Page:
Just think Kate, Ed, you could have had a story that made Halifax harbor look like a cakewalk.

Yeah, grassfire and you need to evacuate for a 2.5 km radius.

I'll take the leprechaun's pot of gold for 100 million please.

Cheers

Posted by: Hans Rupprecht at April 7, 2008 11:49 PM

Phantom, that PEPCON plant in Nevada was making ammonium perchlorate, also nasty stuff... nine million pounds of it. When the plant blew it registered a 3.5 on the Richter scale and was comparable to a 15 kiloton nuclear blast, by far the biggest chemical explosion ever:

http://www.youtube.com/watch?v=HJVOUgCm5Jk

Posted by: Ed Minchau at April 8, 2008 12:11 AM

I'm not in the habit of listening to CBC. I was listening to Gormley on Rawlco. So, didn't think much of a reported derailment and grass fire until one got close enough to see the smoke.

Posted by: Kate at April 8, 2008 12:17 AM

you didn't inhale right?

Posted by: kelly at April 8, 2008 2:41 AM

these things always scare me seeing that CP rail still hauls everything straight thru downtown Calgary. loads of sulphur, propane, oil , all right underneath buildings and in 100 car lots. I witnessed a small derailment right over 5 street back about 20 years ago.watched a train back up thru an open switch , a derailment in slow mo. very cool.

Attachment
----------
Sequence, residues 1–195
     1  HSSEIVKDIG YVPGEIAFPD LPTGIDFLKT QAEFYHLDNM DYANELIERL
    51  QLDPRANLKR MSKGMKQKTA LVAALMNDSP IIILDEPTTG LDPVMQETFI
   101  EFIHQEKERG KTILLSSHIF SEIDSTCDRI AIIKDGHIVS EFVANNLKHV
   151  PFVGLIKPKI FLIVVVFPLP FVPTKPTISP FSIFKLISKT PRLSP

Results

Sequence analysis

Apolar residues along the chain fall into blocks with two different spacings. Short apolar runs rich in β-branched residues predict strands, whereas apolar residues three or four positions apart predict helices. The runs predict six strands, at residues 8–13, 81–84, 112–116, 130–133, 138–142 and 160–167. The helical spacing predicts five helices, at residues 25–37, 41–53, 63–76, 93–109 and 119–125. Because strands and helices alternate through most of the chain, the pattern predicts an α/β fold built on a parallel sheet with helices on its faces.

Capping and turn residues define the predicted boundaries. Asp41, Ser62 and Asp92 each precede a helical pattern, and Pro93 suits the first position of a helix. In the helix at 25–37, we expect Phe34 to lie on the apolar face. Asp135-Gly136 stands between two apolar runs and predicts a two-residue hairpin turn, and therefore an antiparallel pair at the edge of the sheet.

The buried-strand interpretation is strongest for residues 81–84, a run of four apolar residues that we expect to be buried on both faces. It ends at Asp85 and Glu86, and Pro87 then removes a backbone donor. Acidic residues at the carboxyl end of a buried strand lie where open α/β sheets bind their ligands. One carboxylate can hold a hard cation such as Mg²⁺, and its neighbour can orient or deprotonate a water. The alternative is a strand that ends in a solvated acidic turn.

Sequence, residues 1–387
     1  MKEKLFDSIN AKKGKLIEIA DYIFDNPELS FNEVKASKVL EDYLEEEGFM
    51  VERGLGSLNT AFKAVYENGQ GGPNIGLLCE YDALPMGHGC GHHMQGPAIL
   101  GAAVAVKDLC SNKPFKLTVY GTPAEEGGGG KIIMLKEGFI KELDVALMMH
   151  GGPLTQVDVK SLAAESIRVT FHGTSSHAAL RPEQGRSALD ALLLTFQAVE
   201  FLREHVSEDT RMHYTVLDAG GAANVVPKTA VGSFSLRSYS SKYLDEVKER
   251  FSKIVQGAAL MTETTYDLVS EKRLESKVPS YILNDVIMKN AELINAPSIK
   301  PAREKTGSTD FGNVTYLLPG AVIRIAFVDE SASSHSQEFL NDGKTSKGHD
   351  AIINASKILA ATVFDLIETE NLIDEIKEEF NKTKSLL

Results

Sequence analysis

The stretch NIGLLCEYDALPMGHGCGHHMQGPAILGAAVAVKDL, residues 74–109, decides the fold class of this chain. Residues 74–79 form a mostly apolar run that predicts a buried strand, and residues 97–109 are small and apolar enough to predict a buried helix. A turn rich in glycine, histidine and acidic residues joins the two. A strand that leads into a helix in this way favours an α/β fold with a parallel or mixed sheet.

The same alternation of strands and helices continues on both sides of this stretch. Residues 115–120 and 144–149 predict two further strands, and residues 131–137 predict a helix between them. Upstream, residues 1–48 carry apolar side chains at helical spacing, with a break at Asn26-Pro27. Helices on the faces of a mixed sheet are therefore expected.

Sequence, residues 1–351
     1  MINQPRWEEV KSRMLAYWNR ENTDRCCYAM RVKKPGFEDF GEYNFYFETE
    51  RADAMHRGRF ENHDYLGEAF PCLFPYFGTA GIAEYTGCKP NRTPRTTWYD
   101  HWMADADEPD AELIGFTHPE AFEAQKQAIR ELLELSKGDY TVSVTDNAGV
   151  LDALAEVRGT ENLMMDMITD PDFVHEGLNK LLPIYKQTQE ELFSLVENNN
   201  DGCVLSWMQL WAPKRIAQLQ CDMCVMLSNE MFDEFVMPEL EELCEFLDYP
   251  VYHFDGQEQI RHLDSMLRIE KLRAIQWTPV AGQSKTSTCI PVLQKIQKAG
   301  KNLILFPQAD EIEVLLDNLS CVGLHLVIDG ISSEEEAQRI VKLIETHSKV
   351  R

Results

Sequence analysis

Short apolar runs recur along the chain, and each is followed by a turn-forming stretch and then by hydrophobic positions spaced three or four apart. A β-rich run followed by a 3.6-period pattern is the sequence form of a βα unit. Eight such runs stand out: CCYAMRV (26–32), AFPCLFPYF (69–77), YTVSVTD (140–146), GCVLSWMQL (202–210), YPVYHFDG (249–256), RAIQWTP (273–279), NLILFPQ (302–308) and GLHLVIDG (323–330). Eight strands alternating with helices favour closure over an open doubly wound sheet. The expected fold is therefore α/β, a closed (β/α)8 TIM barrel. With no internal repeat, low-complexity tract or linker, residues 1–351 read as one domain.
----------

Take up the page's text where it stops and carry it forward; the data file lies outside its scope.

Posted by: cal2 at April 8, 2008 9:24 AM

Fire's out this morning. I can see it from the drilling rig i'm working at. They're gonna be moving some cats in this morning to start working.

Posted by: Gaul at April 8, 2008 10:03 AM

Etching on copper used to use nitric acid, and NO2/N2O4 was produced in considerable quantity. It's one of the reasons why artists used to have to be good practical chemists.
Ferric chloride solution is now more common for etching copper.

Posted by: John Lewis at April 8, 2008 12:07 PM

In beauuuutiful downtown Medicine Hat we have ,right at the bottom of one of the steepest grades on a rail line in Canada, a major railway yard sometimes full of more chemicals than you can shake a stick at . A half million square miles of empty prairie and not enough brains between the city council and the rail company to move it out of downtown.

Posted by: cantuc at April 8, 2008 12:43 PM

This site is too funny... don't believe everything the media tells you... was there!

Posted by: skeptic at April 9, 2008 1:08 AM